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  • Author or Editor: L. E. Francois x
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Abstract

Bermudagrass (Cynodon spp.), a salt tolerant species, is frequently grown on saline soil. However, new cultivars or accessions used in breeding programs may further increase salt tolerance. Therefore, salt tolerance of the cultivar Tifway II and the accessions Tifton 10 (obtained from China) and Tifton 86 (obtained from Israel) was tested. Plants were grown in the greenhouse in 0.05 m3 pots filled with Pachappa fine sandy loam (mixed, thermic, Mollic Haploxeralf). Four salinity treatments were imposed by irrigating with waters salinized with NaCl and CaCl2 (1:1, by weight). Electrical conductivities of the irrigation waters were 0.9, 6.2, 11.7, and 17.2 dS·m–1. Top growth was measured at nine consecutive harvests. Relative top growth of Tifton 10, ‘Tifway II’, and Tifton 86 was unaffected by soil salinity until the electrical conductivity of the saturated-soil extract (κe) exceeded 2.7, 8.4, and 10.3 dS·m–1, respectively. Each unit increase above these thresholds reduced yield of Tifton 10 by 2.3%, ‘Tifway II’ by 2.8%, and Tifton 86 by 2.5%. These results place Tifton 10 in the moderately tolerant, and ‘Tifway II’ and Tifton 86 in the tolerant salt-tolerance categories.

Open Access
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This study, conducted in large, outdoor sand cultures, was initiated to determine the effects of excess B on garlic (Allium sativum L.) and onion (Allium cepa L.) and to establish their B tolerances as measured by yield and quality of the marketable product. Boron treatments were imposed by irrigation with culture solutions that contained 0.5, 1.0, 5.0, 10.0, 15.0, or 20.0 mg B/liter. Relative yields of garlic and onion were reduced 2.7% and 1.9% with each unit (mg·liter-1) increase in soil solution B (BSW) above 4.3 and 8.9 mg B/liter, respectively. Increasing BSW reduced garlic bulb weight and diameter but did not significantly affect onion bulb weight or diameter. Boron concentration in leaves and bulbs was directly correlated to BSW.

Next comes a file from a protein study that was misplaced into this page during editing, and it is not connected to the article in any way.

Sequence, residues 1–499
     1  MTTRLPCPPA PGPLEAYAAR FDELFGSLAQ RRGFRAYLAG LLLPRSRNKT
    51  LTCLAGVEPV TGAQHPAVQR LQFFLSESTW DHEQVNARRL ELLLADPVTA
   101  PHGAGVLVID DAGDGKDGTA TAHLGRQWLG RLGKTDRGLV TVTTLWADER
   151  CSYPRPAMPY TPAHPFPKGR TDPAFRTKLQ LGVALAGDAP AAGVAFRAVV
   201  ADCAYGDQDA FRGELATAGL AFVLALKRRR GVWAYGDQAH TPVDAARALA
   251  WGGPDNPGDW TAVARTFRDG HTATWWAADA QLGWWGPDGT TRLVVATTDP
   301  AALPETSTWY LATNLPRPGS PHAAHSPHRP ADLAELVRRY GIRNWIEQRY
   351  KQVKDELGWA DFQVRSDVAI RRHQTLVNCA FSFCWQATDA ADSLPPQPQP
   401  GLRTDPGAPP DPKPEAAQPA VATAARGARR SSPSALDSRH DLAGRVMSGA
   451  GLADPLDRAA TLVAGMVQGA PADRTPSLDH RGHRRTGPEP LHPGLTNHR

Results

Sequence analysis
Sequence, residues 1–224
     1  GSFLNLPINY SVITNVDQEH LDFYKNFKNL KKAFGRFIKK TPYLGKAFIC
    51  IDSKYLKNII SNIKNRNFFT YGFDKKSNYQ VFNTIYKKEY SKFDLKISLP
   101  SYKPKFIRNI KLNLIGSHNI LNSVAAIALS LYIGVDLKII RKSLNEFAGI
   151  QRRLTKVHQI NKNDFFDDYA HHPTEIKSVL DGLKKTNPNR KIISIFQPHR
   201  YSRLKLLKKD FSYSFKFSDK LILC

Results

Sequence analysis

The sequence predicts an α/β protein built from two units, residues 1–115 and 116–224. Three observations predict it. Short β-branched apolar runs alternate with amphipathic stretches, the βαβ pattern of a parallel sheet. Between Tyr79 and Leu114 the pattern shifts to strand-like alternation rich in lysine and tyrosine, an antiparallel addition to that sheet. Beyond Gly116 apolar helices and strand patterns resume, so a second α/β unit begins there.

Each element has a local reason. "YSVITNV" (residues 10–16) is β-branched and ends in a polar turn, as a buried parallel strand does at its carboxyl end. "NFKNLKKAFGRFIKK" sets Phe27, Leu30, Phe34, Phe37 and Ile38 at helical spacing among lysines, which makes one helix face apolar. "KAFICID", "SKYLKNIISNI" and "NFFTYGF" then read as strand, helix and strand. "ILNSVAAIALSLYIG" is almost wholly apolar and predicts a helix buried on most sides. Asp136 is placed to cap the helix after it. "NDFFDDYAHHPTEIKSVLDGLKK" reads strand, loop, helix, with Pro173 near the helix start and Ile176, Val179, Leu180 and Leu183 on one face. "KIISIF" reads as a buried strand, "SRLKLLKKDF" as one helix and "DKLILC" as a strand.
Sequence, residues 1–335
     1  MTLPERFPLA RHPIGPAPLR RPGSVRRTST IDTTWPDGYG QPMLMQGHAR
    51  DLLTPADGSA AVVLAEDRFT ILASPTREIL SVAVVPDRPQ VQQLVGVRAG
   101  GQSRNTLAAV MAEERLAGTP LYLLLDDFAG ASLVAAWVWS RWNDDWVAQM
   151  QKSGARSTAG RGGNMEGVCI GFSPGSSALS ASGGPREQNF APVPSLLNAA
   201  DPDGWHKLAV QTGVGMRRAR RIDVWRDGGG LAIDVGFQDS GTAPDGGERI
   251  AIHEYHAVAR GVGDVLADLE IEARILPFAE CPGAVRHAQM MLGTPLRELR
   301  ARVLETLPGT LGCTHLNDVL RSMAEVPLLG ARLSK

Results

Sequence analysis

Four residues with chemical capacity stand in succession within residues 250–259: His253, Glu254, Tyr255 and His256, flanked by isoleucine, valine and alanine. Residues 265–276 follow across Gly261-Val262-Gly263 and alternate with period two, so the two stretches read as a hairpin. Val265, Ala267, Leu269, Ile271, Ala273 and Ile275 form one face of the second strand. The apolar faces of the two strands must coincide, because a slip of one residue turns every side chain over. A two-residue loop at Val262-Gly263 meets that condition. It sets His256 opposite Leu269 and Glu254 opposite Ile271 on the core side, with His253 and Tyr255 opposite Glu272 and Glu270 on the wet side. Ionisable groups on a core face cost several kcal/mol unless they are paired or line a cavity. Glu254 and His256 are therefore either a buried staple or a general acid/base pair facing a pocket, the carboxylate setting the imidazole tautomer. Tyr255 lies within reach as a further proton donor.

Free access
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The effect of salinity on germination, growth, and yield of turnips (Brassica rapa L. Rapifera group) was determined in artificially salinized laboratory germination cultures and field plots. Saline treatments were imposed by irrigating with water that contained equal weights of NaCl and CaCl2. Relative yield of turnip tops (greens) was reduced 4.3% with each unit increase in salinity above 3.3 dS/m (dS/m = mmho/cm). Storage root growth was reduced 9.0% for each unit increase in salinity above 0.9 dS/m. Top growth would be considered moderately tolerant to salinity and root growth as moderately sensitive. Turnips proved to be more salt-tolerant at germination than at later stages of growth. Root quality was not affected over the salinity range tested.

Open Access
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The salt tolerance of 2 squash cultivars (Cucurbita pepo L. ‘White Bush Scallop’ and ‘Aristocrat Zucchini’) was determined in artificially salinized field plots. Saline treatments were imposed by irrigating with water that contained equal weights of NaCl and CaCl2. Relative yields of ‘Scallop’ and ‘Zucchini’ fruit were reduced 15.9% and 14.7% for each unit increase in salinity of saturated soil extracts (κe) above 3.2 and 6.0 decisiemens per meter (dS/m), respectively [dS/m = millimhos per centimeter (mmho/cm)]. ‘Scallop’ was moderately sensitive and Zucchini moderately tolerant to salinity for both fruit yield and vegetative growth. Germination response to salinity was determined in the laboratory using artificialiv-salinized sand cultures. Both cultivars proved to be more salt-tolerant during germination than during vegetative, flowering, or fruiting stages of growth.

Open Access